As relevant as ever
In other words, D-Lab's collaborative work to build resilience in under-resourced areas of the world is as relevant as ever, possibly more so now. And I am impressed every day by the work our staff is doing with dedication and determination. I am inspired by the compassion they bring to the work and their commitment to using their skills to help alleviate the impact of this crisis. You’ll hear more about their specific efforts over the next few weeks and months.
D is for Doing
As for me, when I first started writing this, I found myself at something of a loss. For many in areas where COVID-19 has yet to reach critical numbers and lockdowns have been ordered to keep the disease in check, people are experiencing more of an economic crisis than a health crisis. It has pulled at our heartstrings, knowing the impact it will have on people who are living on the margins of economic security. What should I be doing? What should D-Lab be doing?
I will admit to feeling somewhat paralyzed when thinking about this question initially. D-Lab’s experience in convening groups and engaging people in face-to-face, hands-on work to create solutions is not what we should be doing in the face of a pandemic. While not formally one of the Ds that D-Lab was founded on (Development, Design, and Dissemination, built on a foundation of Dialogue and Discovery), Doing has always been an important principle at D-Lab. Doing is part of our DNA, it is woven into our academic programs, our research, and our fieldwork.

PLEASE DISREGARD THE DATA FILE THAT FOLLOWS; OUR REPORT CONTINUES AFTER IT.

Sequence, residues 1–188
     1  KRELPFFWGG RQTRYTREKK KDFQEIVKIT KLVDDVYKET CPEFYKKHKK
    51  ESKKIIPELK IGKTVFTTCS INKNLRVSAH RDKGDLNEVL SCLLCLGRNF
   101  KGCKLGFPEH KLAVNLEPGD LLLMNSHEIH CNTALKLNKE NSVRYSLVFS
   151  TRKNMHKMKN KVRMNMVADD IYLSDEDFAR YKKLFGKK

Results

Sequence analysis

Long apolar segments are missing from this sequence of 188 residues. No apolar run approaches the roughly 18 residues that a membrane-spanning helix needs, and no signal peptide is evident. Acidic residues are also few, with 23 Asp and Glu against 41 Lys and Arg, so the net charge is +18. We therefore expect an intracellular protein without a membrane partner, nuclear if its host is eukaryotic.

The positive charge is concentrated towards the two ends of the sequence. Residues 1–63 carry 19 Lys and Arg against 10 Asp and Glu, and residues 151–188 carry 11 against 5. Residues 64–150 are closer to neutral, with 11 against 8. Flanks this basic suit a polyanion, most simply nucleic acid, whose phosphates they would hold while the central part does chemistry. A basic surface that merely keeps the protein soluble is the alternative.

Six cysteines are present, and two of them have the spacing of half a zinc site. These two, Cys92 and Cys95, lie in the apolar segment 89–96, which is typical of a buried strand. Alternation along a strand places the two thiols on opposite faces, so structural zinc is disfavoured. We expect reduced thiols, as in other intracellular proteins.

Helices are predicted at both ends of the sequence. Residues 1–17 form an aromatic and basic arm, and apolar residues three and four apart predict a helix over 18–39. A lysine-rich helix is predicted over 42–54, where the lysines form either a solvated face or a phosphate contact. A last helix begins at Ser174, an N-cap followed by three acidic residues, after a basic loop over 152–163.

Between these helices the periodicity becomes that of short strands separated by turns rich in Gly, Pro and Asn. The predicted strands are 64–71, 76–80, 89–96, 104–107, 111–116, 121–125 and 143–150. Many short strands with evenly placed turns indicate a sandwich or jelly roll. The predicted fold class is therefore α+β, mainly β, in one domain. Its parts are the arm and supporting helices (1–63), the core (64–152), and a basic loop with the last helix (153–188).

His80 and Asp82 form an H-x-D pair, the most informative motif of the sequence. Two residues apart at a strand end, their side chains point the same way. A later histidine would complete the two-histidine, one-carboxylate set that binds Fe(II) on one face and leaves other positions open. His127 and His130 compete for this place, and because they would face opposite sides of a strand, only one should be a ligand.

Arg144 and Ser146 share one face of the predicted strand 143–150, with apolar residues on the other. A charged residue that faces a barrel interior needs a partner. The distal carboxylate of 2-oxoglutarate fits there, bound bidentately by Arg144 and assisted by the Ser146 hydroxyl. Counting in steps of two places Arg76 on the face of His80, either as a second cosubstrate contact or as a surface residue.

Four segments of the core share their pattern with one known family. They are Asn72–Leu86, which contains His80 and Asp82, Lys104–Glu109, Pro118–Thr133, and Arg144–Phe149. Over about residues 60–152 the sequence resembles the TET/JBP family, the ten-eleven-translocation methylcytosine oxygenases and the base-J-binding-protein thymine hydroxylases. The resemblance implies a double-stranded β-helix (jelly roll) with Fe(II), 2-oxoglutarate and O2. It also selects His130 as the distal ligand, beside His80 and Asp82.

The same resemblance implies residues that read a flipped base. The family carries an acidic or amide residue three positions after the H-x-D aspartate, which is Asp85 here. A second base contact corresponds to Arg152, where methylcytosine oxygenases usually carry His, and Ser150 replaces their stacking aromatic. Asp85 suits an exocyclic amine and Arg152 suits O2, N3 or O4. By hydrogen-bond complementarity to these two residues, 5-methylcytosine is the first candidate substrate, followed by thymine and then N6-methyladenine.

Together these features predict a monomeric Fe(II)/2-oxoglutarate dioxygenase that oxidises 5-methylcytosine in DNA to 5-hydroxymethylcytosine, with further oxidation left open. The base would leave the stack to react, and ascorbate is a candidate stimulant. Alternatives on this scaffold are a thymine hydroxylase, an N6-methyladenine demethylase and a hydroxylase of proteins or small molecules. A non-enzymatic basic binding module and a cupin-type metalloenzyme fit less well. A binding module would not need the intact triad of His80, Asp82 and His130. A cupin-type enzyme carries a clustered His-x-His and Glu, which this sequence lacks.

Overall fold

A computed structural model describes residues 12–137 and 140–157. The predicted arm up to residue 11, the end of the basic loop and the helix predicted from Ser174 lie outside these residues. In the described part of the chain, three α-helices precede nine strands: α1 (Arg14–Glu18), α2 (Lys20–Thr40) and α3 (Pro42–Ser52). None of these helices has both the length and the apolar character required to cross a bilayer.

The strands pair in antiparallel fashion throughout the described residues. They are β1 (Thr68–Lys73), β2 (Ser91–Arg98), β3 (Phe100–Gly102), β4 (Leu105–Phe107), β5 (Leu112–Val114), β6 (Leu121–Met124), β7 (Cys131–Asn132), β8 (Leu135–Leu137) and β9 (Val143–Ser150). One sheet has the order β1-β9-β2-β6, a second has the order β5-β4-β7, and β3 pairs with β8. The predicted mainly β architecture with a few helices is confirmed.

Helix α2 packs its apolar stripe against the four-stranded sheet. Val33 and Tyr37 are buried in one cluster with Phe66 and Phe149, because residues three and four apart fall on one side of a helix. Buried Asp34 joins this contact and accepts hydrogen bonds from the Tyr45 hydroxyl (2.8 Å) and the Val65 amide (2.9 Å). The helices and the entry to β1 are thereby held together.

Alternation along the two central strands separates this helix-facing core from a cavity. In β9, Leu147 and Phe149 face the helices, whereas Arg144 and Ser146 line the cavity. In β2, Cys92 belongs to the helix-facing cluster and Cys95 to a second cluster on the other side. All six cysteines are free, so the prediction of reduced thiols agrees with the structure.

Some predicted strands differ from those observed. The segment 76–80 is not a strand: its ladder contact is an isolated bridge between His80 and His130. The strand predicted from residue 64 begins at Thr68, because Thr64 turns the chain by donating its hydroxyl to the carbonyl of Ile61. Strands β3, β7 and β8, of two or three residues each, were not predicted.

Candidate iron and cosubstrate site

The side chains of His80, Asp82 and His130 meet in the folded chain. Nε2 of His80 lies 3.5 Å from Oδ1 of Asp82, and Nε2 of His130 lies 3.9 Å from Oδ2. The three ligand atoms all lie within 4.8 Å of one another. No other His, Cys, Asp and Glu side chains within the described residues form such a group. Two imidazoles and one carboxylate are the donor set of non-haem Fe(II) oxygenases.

Two of my favorite inspirational quotes revolve around doing:
I am only one; but still, I am one.
I cannot do everything; but still, I can do something.
And because I cannot to everything,
I will not refuse to do the something I can do.
-Edward Everett Hale
One cannot level one’s moral lance at every evil in the universe, there are just too many of them. But you can do something, and the difference between doing something and doing nothing, is everything.
Promoting livelihoods and strengthening communities
Personally, for the past decade, I have been deeply engaged in building out the Creative Capacity Building (CCB) and International Development Design Summit (IDDS) programs that seek to engage people around the world in the doing that leads to solutions that promote livelihoods and strengthen communities. I have had the pleasure of teaching design in settings ranging from the Kalahari Desert to the mountains of the Andes, under trees in refugee settlements and in Buddhist temples. The transformation that I see when people believe in their ability to do – to create solutions that impact their lives – is one of the things that keeps me inspired and motivated to do more.
The something we can do